Some of the newly identified residues also influence the interaction of the sweet receptor with lactisole or cyclamate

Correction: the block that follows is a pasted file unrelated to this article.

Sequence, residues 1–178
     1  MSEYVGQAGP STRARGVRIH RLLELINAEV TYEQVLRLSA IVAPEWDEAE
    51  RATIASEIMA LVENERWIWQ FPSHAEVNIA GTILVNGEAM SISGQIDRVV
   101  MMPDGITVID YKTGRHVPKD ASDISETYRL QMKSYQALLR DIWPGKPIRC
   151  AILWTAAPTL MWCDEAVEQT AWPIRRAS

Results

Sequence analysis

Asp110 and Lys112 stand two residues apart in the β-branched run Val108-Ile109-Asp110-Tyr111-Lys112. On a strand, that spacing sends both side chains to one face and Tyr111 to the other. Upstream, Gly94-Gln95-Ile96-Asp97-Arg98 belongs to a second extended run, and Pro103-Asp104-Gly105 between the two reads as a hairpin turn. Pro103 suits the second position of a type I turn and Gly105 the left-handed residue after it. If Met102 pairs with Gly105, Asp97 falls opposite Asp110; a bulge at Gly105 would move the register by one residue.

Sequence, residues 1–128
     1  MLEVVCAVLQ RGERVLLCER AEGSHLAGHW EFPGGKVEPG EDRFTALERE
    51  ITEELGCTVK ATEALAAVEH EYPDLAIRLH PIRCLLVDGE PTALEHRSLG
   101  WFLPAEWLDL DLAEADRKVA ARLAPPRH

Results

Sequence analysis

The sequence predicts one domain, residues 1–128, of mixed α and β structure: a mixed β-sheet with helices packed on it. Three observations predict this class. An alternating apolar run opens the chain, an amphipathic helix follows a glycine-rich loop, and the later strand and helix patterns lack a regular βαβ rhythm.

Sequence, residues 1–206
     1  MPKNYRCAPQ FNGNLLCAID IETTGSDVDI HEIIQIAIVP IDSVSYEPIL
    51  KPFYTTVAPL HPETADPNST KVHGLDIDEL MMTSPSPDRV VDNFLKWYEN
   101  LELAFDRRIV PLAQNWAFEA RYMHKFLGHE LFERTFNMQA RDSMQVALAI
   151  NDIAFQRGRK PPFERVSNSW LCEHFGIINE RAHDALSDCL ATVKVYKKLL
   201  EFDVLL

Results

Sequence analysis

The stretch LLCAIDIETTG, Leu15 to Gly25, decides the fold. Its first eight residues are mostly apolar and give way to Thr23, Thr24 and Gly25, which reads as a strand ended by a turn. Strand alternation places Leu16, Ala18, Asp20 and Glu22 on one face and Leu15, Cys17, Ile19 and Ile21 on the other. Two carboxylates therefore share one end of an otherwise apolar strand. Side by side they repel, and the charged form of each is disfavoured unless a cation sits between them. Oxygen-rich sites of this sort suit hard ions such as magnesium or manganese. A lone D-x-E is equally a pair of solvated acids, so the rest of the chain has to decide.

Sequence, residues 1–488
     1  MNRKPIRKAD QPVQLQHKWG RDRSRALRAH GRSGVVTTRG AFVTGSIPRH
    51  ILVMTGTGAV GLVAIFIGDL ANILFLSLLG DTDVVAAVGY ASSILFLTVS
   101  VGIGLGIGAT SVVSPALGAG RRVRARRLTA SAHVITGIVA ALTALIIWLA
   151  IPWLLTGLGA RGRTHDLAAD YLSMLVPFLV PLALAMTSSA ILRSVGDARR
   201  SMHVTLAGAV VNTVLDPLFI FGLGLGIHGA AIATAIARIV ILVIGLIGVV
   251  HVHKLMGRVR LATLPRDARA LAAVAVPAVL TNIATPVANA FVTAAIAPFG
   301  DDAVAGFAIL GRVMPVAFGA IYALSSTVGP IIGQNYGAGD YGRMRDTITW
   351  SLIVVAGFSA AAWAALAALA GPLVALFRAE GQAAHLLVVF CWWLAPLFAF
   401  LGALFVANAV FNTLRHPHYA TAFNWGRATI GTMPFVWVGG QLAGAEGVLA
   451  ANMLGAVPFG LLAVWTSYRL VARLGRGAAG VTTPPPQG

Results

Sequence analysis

Since our results indicate a partial overlap of the NHDC binding site with those for lactisole and cyclamate, we next asked, if any of the newly identified residues also affect the sweet receptor's responses to these compounds. To this end, we tested all mutant hTAS1R3 subunits by coexpression with hTAS1R2 in HEK293T-G16Gust44 cells for their sensitivity to lactisole and cyclamate (Additional file 1). While we essentially confirmed the findings of Jiang et al. [14, 15] that amino acids in positions 6363.28, 6373.29, 6403.32, 6413.33, 721ex2, 7235.36, 7295.42, 7305.43, 7335.46, 7786.51, 7796.52, 7826.55, 790ex3, and 7987.36 of hTAS1R3 contribute to the sensitivity of the sweet receptor to cyclamate and/or lactisole, we found additional amino acids in the heptahelical domain of hTAS1R3 that altered the responses of the sweet receptor to the two compounds. The mutant receptor W775A6.48 failed to respond to lactisole (Fig. 4A), suggesting that this residue is crucial for the sensitivity of the sweet receptor to the inhibitor. The mutants C801I7.39 (IC50 = 0.3 ± 0.01 mM), Y699L4.60 (IC50 = 0.3 ± 0.01 mM), and Y699F4.60 (IC50 = 0.5 ± 0.01 mM) showed three- to fivefold reduced responses to lactisole compared to the wild type receptor (IC50 = 0.1 ± 0.01 mM). Thus, we conclude that the amino acid positions Y6994.60 and C8017.39 also contribute to the inhibition of the sweet receptor by lactisole. The mutants C801I7.39 and W775A6.48 could not be activated at any tested concentration of cyclamate indicating the importance of these residues for the sweet receptor's responsiveness to cyclamate (Fig. 4B, Additional file 1). In addition, the mutant receptor S726A5.39 displayed more than fivefold lower sensitivity to cyclamate (EC50 > 10 mM) than the wild type receptor (EC50 = 1.9 ± 0.1 mM), suggesting that all three residues contribute to the receptor's ability to be activated by cyclamate.